With the recent 30th Anniversary of the 1986 EDSA “Revolution”, the martial law era of President Ferdinand E. Marcos was once again put in bad light. This, as President BS Aquino again showed the alleged atrocities of the Marcos regime without being able to highlight whatever he was able to achieve. Again, there were morons who said EDSA 1986 removed martial law (even though martial law had already been lifted in 1981). In any case, this article provides an alternative critique on the martial law era under Marcos, a critique which serves as an alternative on the oligarchy has fed us over the last three decades.
The yellow cult is quick to accuse the Marcos supporters of historical amnesia when they themselves suffer from it. What they have forgotten (and even some Marcos supporters have forgotten this) is that during the time of Marcos, the world was in the middle of the Cold War. In the arms race between the Soviet Union and the United States, the communist ideology was spreading fast in the world. The Asia-Pacific including the Philippines was not spared from this.
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In 1949, just four years after the end of World War II, the communists in China led by Mao Zedong came into power after overthrowing Chiang Kai Shek’s Kuomintang government (which was forced to exile in the island of Formosa). With the help of the Soviet Union, a communist regime had also been installed in North Korea led by Kim Il Sung. Years later, the red influence would also head to Southeast Asia.
In Thailand, there was also a communist movement which lasted until 1983. In Malaysia, the Communist Insurgency War lasted from 1968 to 1989. This gives us two Southeast Asian nations who were also plagued with the communist movement.
Of course, we have the Vietnam War. The United States got involved directly in that war, and the Philippines also pitched in some help. But, the communists prevailed and took over Vietnam which they rule up to this day. In Cambodia, by year 1975, the communists under Pol Pot took over. The Khmer Rogue wiped out an estimated 1/4 up to 1/3 of the Cambodian population. The fall of the Vietnamese and Cambodian governments took place 3 years after martial law was declared, and who knows what might have happened to the Philippines if Marcos never declared martial law.
The Philippines was already experiencing a war on two fronts. In the South, there was the Moro National Liberation Front backed by Malaysia and Libya and seeking to establish an independent Islamic state in Mindanao. And as previously mentioned, the CPP-NPA was also launching a war. The People’s Republic of China was about to aid the CPP-NPA by sending a few thousand rifles, explosives, and bullets through Isabela province and Jose Maria Sison. Fortunately, the military was able to intercept the arms landing.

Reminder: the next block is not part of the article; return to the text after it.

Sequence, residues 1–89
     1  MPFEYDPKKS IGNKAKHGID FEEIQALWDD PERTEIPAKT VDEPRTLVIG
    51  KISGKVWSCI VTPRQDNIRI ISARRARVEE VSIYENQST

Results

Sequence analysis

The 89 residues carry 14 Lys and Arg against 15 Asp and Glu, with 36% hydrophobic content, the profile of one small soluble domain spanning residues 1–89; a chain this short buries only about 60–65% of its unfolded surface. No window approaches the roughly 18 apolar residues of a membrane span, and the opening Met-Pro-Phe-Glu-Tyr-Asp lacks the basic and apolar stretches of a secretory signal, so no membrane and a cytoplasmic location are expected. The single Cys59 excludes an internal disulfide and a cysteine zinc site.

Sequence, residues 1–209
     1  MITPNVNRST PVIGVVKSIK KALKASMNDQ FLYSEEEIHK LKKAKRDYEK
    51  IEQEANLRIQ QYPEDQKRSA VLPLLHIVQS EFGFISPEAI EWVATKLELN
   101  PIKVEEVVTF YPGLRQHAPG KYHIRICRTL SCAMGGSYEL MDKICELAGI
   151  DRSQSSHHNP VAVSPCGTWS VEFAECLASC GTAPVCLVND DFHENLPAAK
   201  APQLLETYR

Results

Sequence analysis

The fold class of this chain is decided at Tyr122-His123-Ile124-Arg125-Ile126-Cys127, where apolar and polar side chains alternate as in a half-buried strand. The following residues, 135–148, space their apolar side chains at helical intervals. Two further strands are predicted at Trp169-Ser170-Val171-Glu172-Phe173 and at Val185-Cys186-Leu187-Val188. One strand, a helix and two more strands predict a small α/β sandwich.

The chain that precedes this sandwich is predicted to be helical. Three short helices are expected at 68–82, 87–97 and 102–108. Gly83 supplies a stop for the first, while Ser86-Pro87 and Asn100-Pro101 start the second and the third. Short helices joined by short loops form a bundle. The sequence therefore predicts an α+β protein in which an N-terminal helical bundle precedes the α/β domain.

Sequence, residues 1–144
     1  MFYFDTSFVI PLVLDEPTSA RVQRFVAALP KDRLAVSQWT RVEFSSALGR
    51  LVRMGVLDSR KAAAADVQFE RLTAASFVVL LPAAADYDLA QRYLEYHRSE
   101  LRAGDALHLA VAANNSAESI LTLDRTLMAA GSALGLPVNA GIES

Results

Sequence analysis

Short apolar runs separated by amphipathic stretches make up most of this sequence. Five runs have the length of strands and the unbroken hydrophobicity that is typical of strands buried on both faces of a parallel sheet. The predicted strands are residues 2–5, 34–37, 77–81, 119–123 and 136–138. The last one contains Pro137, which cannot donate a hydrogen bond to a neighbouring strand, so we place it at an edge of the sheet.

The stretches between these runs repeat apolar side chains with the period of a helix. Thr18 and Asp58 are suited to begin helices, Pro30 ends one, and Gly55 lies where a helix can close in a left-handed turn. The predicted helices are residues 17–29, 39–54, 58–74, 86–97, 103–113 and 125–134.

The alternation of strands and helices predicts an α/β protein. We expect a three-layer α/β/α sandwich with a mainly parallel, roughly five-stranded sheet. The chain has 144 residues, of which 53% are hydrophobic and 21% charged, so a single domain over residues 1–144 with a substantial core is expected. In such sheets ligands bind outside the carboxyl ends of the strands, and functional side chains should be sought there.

Several accounts also state that Senator Benigno “Ninoy” Aquino Jr. was collaborating with Sison in preparation of an armed struggle against the Marcos government. Again, the Philippines was fortunate that Secretary Juan Ponce Enrile thwarted this plan. Sison was out to become the next Mao Zedong, and Nur Misuari was seeking an independent state in Mindanao.
In response, President Marcos in 1972 placed the entire country under martial law. A dictatorial rule was established, and the Marcos government finally punched back. The Moro insurgency and the communist movements were violently suppressed, thus leading to what they call “human rights violations.” The United States under President Richard Nixon did not object to the declaration of martial law, but Marcos earned their ire when he pursued an independent foreign policy and started diplomatic ties with China and the Soviet Union.
I can hardly blame Marcos for the human rights violations. If anything, the rebel forces along with the communist-influenced activists brought it upon themselves. They provoked the monster that was the Marcos government. In Weberian theory, the state is entitled to the legitimate use of physical force within its territory.
The end result of martial law was that the Philippine Republic remained standing. One would not be mistaken that martial law saved the Philippine Republic from falling into communist hands. Marcos was a product of the circumstances of his time, and he rose to the challenge. In a time when governments were falling to communist hands, Marcos was able to take steps which allowed the Philippines to survive. But today, Marcos is heavily pointed out for violating human rights when only a few people even understood the circumstances at the time. People who are too shallow to know the history of Asia during the time say he declared martial law on a whim.
We can say all we want about martial law and Marcos. It doesn’t matter if I like or hate Marcos. But there is something that I am sure about. And that is I am thankful that during the time when the communists were powering up and the Moros were preparing to secede, it was Ferdinand Marcos in Malacanang and not Ninoy Aquino. I am glad that it was Marcos that was president, not someone who is a sellout and not someone who is too soft to unleash force against those who sought to overthrow the state.